Here, we could go swimming and snorkeling in the clear, blue water... and there were manta rays that our guide brought up for us to pet (see picture).
The trip also included a lunch that was very tasty! The guide showed us how to make poisson cru and it was so fresh and yummy! I had no idea how the acid in lime juice could cook the fish! There was a variety of other foods that were all good and there was plenty of it!
Then we had awhile to just swim and lounge and relax on the island and in the water! I definitely recommend a circle island tour on Moorea!
There are two common ways to see Moorea, the first is by land, the second is by sea. Since we were here for multiple nights, Sarah and I decided to try both. Early in the morning we were picked up on the dock of our hotel for a wonderful little trip around the island. Sarah and I had the opportunity to see the entire island on a parasailing boat, which was also loaded with other passengers from nearby Club Med. There were some beautiful picture opportunities on this boat, including seeing some overwater bungalows, like the ones we were staying in, the private motus (small islands) and of course plenty of sea life. We also went and picnicked at a private motu. The snorkelling was wonderful here, although it was not quite as vivid as in Bora Bora.
I tried snorkling for the first time and I loved it!!! You only have to wade out into the crystal clear water and glide slowely around to see the most gorgeous coloured fish. We went snorkling every day.
This is also at the Lagoonarium (I explain more about it in one of my General tips).
Another one of the things you can do there is swim with Sharks. There were around six or seven sharks kept in the water pens with the turtles and other fish at the Lagoonarium. These pens are deep enough that you can wade out and start swimming and be quite a long way off the bottom.
The sharks are much harder to find than the turtles as they will swim away as you get near them. I have a little underwater film camera with a fixed 35mm lens (i.e. no zoom), and it was quite a struggle to get some shots like this one as I normally only got to see a back end, and it was swimming much faster than I could!
The Lagoonarium is well worth a visit (I explain more about it in one of my General tips).
One of the things you can do there is swim with Turtles. There were around five turtles kept in the water pens at the Lagoonarium. These pens are deep enough that you can wade out and start swimming and be quite a long way off the bottom.
The turtles are easy to find, as they often find you (see my warning about them biting!). The idea being that you keep away from the mouth end - I think that they think that they can eat you. Watching them swim gracefully through the water is a fantastic experience. I have a little underwater film camera with a fixed 35mm lens (i.e. no zoom), and it allowed me to get some shots like this without too much effort (framing can be tricky mind, and obviously I didn't actually take THIS picture personally!).
Apparently this waterfall is quite good in the rainy season.
We drove the car up as far as we could, and then had to hike over rocks etc for around 20 mins to get to the cascade.
Cascade is a rather debatable word for it in the middle of August. Checkout the flow in the photo! What flow I hear you ask? Exactly. I hope this doesn't sound too disrespectful, but if I had urinated against the rock, there would have been a better flow...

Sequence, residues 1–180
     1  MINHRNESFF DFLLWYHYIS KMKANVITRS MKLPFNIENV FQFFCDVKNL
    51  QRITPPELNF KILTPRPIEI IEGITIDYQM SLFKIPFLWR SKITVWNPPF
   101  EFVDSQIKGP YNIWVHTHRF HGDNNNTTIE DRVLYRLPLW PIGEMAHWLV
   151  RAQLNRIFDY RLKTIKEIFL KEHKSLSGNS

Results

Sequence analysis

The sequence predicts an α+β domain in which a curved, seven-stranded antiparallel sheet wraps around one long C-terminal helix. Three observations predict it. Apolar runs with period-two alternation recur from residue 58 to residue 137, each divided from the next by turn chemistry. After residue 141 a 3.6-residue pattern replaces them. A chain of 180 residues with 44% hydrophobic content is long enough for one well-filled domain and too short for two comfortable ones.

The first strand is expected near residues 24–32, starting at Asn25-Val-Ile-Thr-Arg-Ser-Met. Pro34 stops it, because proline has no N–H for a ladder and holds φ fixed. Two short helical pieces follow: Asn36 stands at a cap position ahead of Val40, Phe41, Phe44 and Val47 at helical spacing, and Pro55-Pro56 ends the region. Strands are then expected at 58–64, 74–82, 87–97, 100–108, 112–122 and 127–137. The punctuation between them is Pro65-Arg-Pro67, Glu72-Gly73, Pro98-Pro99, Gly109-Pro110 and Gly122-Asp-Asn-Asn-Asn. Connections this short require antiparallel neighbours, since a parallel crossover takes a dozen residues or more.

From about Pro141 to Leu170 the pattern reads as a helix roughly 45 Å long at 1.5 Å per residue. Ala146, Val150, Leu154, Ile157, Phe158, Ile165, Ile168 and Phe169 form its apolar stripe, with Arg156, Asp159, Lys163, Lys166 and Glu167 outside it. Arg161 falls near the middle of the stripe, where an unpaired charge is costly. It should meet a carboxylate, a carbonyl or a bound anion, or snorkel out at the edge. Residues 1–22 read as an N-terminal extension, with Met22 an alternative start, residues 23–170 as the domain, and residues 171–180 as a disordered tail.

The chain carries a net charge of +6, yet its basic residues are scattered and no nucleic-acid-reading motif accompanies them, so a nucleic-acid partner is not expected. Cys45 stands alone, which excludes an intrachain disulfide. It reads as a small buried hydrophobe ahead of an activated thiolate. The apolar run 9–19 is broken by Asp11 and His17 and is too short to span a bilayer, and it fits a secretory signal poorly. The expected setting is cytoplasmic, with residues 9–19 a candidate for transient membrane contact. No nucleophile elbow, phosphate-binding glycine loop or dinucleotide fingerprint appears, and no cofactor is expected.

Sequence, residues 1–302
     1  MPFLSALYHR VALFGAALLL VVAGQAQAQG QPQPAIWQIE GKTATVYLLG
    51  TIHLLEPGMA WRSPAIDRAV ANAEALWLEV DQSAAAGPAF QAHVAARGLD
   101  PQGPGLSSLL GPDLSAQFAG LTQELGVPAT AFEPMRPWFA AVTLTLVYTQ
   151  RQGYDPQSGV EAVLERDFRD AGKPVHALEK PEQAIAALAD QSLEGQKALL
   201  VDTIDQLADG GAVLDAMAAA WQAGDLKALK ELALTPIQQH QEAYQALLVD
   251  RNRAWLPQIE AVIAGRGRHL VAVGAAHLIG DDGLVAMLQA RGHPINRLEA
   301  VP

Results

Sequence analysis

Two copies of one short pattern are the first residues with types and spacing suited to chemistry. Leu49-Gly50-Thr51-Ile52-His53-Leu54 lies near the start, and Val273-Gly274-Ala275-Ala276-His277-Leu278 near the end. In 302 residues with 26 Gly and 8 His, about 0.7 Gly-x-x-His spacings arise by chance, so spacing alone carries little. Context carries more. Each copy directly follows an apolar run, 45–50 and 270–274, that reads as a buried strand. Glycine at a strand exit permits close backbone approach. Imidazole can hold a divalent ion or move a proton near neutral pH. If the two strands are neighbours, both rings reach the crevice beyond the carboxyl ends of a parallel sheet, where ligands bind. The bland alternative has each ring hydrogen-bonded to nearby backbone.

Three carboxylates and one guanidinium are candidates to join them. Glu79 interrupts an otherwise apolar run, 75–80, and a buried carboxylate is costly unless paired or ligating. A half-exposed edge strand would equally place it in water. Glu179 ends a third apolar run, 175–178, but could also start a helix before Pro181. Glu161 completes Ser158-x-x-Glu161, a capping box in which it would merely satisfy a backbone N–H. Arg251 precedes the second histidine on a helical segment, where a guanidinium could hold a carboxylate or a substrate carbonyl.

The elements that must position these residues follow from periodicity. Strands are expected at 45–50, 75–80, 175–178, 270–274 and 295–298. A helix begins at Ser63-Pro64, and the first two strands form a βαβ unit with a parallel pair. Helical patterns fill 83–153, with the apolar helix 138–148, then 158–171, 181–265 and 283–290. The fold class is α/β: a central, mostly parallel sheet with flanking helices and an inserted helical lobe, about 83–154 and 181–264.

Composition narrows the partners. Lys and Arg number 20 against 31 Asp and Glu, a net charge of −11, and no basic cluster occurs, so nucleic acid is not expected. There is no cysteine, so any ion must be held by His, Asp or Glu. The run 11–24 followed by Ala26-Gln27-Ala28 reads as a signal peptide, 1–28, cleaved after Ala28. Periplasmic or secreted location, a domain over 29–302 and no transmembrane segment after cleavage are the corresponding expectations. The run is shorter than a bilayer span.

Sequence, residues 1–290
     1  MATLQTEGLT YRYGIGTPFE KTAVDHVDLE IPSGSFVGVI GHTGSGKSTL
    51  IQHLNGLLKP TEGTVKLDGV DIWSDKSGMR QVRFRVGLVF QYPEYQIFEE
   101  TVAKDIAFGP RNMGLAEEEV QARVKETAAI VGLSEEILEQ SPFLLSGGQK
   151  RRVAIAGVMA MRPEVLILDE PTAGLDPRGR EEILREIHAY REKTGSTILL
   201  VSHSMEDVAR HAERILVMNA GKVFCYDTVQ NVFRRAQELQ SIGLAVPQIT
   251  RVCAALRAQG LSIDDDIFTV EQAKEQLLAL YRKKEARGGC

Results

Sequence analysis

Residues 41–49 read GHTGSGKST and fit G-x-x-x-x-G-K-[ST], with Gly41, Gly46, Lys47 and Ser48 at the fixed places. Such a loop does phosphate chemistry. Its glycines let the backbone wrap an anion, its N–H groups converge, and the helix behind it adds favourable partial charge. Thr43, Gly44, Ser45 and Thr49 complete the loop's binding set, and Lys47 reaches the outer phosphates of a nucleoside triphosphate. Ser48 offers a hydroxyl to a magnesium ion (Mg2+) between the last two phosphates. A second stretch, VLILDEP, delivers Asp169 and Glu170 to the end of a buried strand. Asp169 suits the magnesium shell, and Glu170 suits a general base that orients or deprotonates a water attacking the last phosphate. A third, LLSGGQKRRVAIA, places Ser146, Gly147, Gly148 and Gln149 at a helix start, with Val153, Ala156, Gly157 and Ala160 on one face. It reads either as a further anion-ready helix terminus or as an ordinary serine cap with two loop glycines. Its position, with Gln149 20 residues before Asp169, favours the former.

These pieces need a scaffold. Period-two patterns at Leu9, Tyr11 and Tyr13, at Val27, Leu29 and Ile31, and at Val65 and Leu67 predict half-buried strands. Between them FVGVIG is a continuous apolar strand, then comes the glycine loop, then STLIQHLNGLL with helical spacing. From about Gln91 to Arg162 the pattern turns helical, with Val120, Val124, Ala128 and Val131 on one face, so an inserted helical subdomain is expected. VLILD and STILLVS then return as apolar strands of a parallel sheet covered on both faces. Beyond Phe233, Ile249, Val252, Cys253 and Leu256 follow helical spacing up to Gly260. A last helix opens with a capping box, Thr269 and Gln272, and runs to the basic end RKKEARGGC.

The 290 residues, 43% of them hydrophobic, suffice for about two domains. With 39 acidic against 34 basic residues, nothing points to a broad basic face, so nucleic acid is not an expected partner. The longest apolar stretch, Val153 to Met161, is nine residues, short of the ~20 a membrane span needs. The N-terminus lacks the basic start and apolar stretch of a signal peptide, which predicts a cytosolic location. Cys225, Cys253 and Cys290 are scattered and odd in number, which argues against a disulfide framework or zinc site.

The hike through the forest to get there was pretty pleasant mind...
These outrigger canoes are great fun to paddle about in. If you have ever been in a single scull (to the uninitiated, it is a very thin 'rowing' boat for just one person), this will feel very stable. On the other hand, if you haven't, you will have a good chance of turning one of these over! If you can't swim, definitely think twice about taking one of these out on the water!!! We were staying at the Hotel Hibiscus, and you could borrow these boats for free, so we borrowed this and headed over to the nearest Motu (a small uninhabited island).
Coming back, we hit a strong sidewind, and it made paddling in the direction I wanted to go very difficult as the outrigger was effectively braking the boat making it want to go in the same direction as the wind was. The only way I could get the boat back was to row it backwards (as a traditional row boat - but without any gate to hold the oar in place)
as I could get the oar almost horizontal this way and get more turning force in the water. It's worth being aware of anyway - I did get some very strange looks from the Polynesians as we came back in, as they all row them forwards (as I am doing in the picture!)!
If you don't have experience, make sure you don't take any cameras that would be 'allergic' to water in the boat with you, or anything that might sink should it suddenly find itself in the water! Don't try and swap positions in the canoe once you set out unless you exercise extreme caution, unless of course you don't mind a dip! You are very unlikely to roll it over the side of the rigger, but the other side has nothing to brace the boat.
On Thursday and Sunday you can do a dolphin and whale watching expediton with Doctor Michael Poole. During a three to four hour tour you will go through the lagoon and outside the reef to search for, observe and learn about the dolphins and whales that inhabit the local waters.
The excursion costs about 6700 CFP (56 EUR).
Almost all of the major hotels provide catamaran excursions like the one shown in the picture, and again, this is such a great way to enjoy Moorea. Alot of our time on moorea was spent doing sifferent water activities such as this, because the incredible beauty of the sea plus the fact that the water is so warm simply draws you to the sea constantly. You should be able to find out at your hotel what catamaran trips are available, because there are day trips, sunset sails, etc. Lots of fun!!!